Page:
After all their main concern is filling their own pockets with Ca$h. So by telling everyone dont cash in for the small stuff use it for the Top of the Line Hotels where you will max out your cpp (cents per pt). Yes that makes sense but when every blogger keeps posting that and people stop cashing in when it pays to pay $$ and use the Pts instead to max out its Return.

    Well the Chains see where the Pts are being spent and no doubt will raise the Cats for those Hotels

    If I posted how a person can get a free weekend in Albany,Ny not too many (if even 1 person) will do it. Post how I got a long weekend for free in Paris,London, Hawaii etc etc then everyone goes for the CCs etc and the demand for those few Hotels to cash in for jumps way high. Its not only $$ Rate that will help determine what Cat a Hotel will be

    So its not Only the Bloggers fault (far from that) but they do in fact help kill the few golden gooses that still exist just so they can turn their own pockets into Gold

  10. yes, hyatt is the most rewarding hotel now, but they are surely going to devalue their program in 2014. so think ahead and dont put everything in the same basket.

  11. With all the cheap points one has been able to earn with Club Carlson, I’m wondering if theyr’e going to be the next big devaluation in the points earning/spending game?
    My thinking on this is that they probably won’t, at least not right now, since their change in philosphy about earning and winning new customers over is a fairly recent event.
    Time will tell.

  12. I decided I would attempt a status match from Starwood this summer with Hyatt (planned a big 1.5 month vacation throughout Asia and Europe). I didn’t think it would be that big of a deal to find 12 nights, but ultimately factoring in Cash and Points Rates (pre-change) with Starwood or paid rates Starwood has all but 5 of my 50 or so stays (Hong Kong and Osaka)! I’d even pay more within reason but it just doesn’t make sense.

    Then I came to the realization there are only 5 Hyatt’s in Canada. It honestly seems like a great program, but unless you are US based it just simply does not have the coverage.

    Ultimately I will probably do the status challenge anyways to cover the five nights I have and end up failing it but enjoy the perks.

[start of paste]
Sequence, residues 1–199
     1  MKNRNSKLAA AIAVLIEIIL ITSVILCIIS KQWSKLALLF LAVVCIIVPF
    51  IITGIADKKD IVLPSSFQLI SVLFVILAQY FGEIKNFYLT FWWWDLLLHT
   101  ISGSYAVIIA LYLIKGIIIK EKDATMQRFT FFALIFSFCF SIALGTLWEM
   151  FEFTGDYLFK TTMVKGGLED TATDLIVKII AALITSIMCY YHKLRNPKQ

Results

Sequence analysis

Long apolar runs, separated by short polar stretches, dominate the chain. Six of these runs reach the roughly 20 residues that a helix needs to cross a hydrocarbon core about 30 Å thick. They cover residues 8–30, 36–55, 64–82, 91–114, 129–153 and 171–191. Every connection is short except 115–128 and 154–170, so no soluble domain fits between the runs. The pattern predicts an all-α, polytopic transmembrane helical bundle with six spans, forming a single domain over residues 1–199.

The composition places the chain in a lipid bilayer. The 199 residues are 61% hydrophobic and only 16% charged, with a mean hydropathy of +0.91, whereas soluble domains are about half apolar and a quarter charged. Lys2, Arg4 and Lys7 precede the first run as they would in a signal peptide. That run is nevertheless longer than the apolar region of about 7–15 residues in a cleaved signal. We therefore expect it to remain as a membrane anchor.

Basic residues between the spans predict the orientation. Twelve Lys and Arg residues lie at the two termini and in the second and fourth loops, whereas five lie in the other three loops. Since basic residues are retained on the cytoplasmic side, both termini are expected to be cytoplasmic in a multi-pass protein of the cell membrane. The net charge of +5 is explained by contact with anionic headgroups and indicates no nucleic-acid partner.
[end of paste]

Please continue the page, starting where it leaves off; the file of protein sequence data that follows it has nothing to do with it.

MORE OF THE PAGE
13. I feel betrayed here. This is not a game. We earn points towards stays. I don’t care what the T&C say as they are one sided by a big corporation (uniform contract). Clearly they are out there to destroy their liabilities.

    SPG’s devaluation is horrible. For example, I just booked flights to Qauai. I wanted to spend 4 nights at the Westin and one night at the St. Regis. Westin went from 12,000 points to 20,000 points. No longer can afford it. I had an award weekend up to category 6 but the St. Regis was moved to category 7. I was not aware of this devaluation. When I looked on the 4th to book, nothing was mentioned that just a few hours later I will not be able to do it.

    This is stealing, dishonesty, disloyalty.

    Calls to SPG today didn’t help. I will burn the points and trash them forever.

  14. No question devaluations are driven by an economic upturn and higher occupancy and rates. If hotels can sell a room they are loathe to give it away for free. However the inflation of award currency aka points certainly increases demand for award nights, so that was part of the equation as well. And the inflation was mainly driven by credit card bonuses, which in turn are driven by bloggers exhorting the benefits of churning cards.

    Does this mean we can blame the bloggers for devaluation. I don’t think so. But there is no question that the sale of points to credit card companies and their customers has the effect of devaluing the points received by those of us who earn them by actually purchasing hotel rooms.

    The bottom line is that we all have a choice, speak with your money and don’t patronize programs that provide inferior ROI.